Category: Strategy

Strategy planning, strategy execution and business model design focused on collaborative modelling

Marketing 3.0StrategyStrategy planning & executionTourism marketing

Brand Planning Should be the CEO’s Baby

This article is written by Bill Baker, Chief Strategist at Total Destination Marketing, author, speaker, and blogger at “Small City Branding around the world”.

At the conclusion of a presentation on place branding, I was approached by the CEO of a mid-west Chamber of Commerce who lamented that their brand planning had resulted in a bland and uncompetitive outcome. To my surprise, the CEO went on to take the blame himself by saying, “I made the mistake of delegating the project to our marketing manager and not taking responsibility to drive the process myself.” I’m sure that he hasn’t made the admission within his community or to his Board, but it’s commendable that he recognized this as being a major factor in the brand’s mediocre result.

The president, executive director, or CEO of the organization leading the effort on behalf of the community must be actively engaged in every aspect of the brand planning and development, and breathe vitality into the assignment. We have found that the only way for the brand to take off is having a leader who “gets it” and has the passion, authority, skills and vision to make it work. If he or she takes a passive role, the brand will almost certainly fail.

Understandably, there may be many legitimate distractions that consume the CEO’s time. However, the brand is at the heart of every activity directed toward the way the place will present itself for years to come, so it is worth every minute that he or she can devote to it. While the CEO may want to delegate aspects of the day-to-day management of the process to others, he must remain intimately involved in crafting and managing the strategy.

This article is re-posted with permission from http://citybranding.typepad.com/city-branding/page/2/

Culture changeStrategyStrategy planning & execution

The Tipping Point’s theory for expanding destinations 3.0 (I)

As it has been explained in previous articles as well as in the Whitepapers, the success of destinations 3.0 is based on growing and expanding a network of varied stakeholders who contribute in different ways to the destination’s business model development, as innovators, content creators, brand ambassadors, etc.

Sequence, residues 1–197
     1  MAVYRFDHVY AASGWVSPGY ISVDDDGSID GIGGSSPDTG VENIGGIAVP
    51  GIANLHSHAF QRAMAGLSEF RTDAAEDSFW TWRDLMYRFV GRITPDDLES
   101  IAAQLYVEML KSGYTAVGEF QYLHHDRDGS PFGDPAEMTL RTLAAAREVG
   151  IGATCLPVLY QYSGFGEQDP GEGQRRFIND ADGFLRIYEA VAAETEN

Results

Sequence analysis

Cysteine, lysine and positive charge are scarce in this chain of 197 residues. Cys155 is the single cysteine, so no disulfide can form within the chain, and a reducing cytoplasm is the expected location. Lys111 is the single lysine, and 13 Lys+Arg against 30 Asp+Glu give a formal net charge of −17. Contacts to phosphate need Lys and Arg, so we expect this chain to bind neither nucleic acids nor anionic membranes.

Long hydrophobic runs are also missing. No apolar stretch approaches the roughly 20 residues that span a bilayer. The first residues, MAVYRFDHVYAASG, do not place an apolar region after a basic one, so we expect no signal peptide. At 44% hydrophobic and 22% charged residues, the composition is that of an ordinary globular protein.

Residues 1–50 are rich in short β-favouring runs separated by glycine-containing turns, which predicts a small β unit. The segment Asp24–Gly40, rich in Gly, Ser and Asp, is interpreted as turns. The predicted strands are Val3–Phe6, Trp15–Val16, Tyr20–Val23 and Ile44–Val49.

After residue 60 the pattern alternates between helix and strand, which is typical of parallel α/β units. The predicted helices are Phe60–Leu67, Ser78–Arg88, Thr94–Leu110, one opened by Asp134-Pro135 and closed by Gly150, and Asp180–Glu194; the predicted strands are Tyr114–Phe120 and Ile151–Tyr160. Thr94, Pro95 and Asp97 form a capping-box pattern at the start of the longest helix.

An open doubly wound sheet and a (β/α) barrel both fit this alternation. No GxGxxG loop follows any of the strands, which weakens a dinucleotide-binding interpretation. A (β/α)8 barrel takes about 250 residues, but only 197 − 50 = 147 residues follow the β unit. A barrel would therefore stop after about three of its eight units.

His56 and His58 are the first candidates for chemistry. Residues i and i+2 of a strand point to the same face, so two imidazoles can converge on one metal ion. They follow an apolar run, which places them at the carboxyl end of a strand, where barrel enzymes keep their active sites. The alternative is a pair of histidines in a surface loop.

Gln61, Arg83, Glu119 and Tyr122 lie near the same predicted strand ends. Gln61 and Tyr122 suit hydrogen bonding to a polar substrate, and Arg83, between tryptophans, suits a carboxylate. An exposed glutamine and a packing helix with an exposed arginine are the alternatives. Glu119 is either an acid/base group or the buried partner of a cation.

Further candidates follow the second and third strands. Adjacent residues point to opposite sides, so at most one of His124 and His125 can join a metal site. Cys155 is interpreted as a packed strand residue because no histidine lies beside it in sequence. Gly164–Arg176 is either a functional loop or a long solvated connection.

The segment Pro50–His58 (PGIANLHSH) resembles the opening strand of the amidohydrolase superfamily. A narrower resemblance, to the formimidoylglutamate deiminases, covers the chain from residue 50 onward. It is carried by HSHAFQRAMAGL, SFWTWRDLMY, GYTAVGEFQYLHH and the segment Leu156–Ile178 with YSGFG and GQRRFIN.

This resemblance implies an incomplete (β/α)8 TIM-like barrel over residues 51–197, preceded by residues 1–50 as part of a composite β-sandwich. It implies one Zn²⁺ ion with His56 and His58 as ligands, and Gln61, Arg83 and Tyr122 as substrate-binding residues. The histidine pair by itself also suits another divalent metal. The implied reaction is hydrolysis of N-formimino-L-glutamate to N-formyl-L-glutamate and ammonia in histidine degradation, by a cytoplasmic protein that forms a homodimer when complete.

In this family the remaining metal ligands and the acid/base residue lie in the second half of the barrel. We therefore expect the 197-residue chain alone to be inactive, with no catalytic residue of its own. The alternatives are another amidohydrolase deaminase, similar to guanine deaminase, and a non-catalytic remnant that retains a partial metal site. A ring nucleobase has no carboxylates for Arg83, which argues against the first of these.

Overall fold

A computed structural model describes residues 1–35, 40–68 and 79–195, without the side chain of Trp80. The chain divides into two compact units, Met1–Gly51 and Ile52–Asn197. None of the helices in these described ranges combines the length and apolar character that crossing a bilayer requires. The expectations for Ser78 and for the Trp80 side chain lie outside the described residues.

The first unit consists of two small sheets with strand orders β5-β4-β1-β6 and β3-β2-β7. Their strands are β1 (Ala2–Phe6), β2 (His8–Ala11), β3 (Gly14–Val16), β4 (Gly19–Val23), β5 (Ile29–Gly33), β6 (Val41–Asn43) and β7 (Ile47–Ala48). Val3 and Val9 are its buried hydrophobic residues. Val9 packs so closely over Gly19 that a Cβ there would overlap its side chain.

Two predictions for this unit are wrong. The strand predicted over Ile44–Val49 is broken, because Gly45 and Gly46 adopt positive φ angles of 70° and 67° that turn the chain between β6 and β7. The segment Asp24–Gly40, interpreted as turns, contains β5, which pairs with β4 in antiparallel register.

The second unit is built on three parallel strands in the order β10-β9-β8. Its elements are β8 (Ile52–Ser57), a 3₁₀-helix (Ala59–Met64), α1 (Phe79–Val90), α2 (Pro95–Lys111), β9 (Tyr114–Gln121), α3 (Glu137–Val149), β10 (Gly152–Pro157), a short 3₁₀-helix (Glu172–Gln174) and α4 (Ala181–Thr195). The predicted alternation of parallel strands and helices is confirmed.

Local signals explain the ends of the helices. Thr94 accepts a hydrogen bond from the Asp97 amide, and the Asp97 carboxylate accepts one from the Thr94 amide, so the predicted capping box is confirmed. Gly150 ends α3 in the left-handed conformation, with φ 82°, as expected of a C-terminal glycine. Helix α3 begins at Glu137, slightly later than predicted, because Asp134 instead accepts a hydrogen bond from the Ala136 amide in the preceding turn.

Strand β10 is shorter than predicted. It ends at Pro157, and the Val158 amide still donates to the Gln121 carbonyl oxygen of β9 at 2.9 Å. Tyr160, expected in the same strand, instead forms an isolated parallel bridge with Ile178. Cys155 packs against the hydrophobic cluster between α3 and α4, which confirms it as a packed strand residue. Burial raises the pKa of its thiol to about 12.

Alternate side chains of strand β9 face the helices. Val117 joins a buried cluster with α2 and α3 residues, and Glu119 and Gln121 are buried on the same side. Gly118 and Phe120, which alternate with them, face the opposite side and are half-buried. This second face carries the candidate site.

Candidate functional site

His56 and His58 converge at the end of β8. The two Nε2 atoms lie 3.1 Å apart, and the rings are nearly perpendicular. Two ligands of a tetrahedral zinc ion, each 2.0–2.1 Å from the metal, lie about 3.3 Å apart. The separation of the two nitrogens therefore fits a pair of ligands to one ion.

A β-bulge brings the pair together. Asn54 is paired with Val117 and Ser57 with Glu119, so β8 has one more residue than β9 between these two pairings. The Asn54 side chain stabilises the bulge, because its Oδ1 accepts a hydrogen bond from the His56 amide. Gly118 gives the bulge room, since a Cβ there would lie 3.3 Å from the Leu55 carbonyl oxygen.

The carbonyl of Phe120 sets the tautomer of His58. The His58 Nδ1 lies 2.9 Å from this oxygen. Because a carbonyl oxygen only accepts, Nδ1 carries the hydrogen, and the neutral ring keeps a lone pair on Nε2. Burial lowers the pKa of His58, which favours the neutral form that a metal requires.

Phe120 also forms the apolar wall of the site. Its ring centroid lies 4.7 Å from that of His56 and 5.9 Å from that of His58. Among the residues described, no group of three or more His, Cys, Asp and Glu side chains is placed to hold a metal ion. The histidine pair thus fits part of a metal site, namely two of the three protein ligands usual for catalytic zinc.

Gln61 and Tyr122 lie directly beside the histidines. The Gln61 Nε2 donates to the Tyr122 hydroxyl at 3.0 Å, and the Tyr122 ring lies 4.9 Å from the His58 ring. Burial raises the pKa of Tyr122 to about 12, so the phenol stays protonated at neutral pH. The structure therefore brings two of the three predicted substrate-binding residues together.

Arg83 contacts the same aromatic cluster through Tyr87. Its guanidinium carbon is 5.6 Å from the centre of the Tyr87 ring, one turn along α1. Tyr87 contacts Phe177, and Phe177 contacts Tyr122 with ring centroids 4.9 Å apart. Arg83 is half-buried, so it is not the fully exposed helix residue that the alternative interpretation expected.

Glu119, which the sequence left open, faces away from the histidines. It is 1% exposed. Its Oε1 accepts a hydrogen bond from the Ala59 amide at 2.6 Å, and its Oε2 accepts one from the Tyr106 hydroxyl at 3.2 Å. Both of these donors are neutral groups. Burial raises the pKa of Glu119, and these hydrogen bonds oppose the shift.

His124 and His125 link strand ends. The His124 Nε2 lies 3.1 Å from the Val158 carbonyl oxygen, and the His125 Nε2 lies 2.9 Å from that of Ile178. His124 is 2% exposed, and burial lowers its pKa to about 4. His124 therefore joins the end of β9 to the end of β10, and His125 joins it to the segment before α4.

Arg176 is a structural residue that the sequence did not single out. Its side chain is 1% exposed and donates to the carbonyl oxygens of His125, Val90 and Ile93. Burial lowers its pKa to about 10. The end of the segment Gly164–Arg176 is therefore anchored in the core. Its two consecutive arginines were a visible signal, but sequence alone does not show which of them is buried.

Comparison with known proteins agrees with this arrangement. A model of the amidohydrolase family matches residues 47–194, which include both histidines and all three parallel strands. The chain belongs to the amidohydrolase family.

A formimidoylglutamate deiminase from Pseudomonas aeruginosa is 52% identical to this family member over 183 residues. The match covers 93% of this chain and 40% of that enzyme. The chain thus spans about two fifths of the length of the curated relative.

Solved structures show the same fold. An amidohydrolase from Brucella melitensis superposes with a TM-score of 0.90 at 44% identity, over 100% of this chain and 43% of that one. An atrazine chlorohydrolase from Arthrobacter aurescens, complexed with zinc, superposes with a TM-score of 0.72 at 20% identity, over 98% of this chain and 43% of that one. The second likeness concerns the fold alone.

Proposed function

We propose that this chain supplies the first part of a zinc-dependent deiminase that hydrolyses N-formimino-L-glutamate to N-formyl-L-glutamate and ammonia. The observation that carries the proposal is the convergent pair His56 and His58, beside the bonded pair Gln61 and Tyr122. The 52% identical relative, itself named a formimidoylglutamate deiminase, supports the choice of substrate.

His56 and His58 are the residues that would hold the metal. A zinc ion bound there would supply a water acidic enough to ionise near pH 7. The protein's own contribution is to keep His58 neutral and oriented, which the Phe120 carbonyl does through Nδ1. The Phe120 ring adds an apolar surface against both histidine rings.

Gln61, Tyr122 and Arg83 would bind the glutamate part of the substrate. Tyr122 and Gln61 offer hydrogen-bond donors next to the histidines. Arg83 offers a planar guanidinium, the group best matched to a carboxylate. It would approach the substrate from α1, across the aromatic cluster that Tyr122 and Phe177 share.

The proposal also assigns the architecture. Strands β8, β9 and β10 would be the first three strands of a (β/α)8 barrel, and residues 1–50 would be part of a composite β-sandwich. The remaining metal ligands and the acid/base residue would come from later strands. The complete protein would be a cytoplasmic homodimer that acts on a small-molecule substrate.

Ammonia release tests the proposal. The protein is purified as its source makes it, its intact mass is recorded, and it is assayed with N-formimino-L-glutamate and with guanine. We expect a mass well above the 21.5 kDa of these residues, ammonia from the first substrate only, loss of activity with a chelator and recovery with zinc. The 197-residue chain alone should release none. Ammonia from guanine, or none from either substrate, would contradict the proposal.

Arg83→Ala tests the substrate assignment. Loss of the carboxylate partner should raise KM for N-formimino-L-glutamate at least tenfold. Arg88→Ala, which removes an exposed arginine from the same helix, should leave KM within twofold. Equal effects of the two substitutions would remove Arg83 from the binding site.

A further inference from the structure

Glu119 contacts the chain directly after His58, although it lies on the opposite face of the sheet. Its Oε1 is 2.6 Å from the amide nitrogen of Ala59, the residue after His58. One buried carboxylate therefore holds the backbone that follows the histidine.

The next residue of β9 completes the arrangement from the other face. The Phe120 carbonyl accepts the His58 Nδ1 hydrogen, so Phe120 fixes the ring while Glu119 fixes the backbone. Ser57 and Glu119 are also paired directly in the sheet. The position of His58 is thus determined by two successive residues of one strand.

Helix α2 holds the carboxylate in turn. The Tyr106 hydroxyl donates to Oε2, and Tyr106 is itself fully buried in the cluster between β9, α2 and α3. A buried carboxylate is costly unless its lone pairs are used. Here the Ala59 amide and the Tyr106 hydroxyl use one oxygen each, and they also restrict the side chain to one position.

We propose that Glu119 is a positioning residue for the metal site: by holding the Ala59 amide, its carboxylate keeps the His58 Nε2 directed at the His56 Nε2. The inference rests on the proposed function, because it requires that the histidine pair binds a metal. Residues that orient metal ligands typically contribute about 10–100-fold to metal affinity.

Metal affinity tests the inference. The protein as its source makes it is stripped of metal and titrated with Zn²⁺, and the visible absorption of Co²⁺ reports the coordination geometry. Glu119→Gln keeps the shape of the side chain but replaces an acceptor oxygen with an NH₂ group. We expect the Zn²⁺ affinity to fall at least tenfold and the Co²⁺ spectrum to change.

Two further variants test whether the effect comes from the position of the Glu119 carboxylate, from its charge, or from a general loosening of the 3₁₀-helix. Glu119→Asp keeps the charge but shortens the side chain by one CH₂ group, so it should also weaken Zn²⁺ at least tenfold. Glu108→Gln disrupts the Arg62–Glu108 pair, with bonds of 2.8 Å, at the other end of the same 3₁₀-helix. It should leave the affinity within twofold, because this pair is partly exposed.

Creating and developing such a network is probably the most daunting of all the challenges in the destination 3.0 journey. Malcolm Gladwell’s Tipping Point explains a theory on how social epidemics and trends work, through the power of influence of three types of characters: Mavens, Connectors, and Salesmen, disregarding the support of the technological means. This theory may serve as a basis for understanding how this stakeholder network development can be achieved, so long as it is possible to craft a strategy to make it happen.

The theory states that social epidemics take place following three common characteristics: contagiousness, little facts causing big effects, and the existence of a turning point in the expansion of the epidemics, also called “the tipping point”. Besides, it identifies three key rules in spreading social epidemics or trends: the law of the few, the stickiness factor, and the power of context.

“The law of the few” says that a group of people with exceptional skills are the ones who create the trend and spread it throughout their community; “the stickiness factor” says that there are some ways to make a message compelling and contagious to create an outstanding impact; and “the power of context” explains how the environment turns to be a key factor to determine human behavior. These three rules can provide us with guidance on how to reach a tipping point in spreading social epidemics.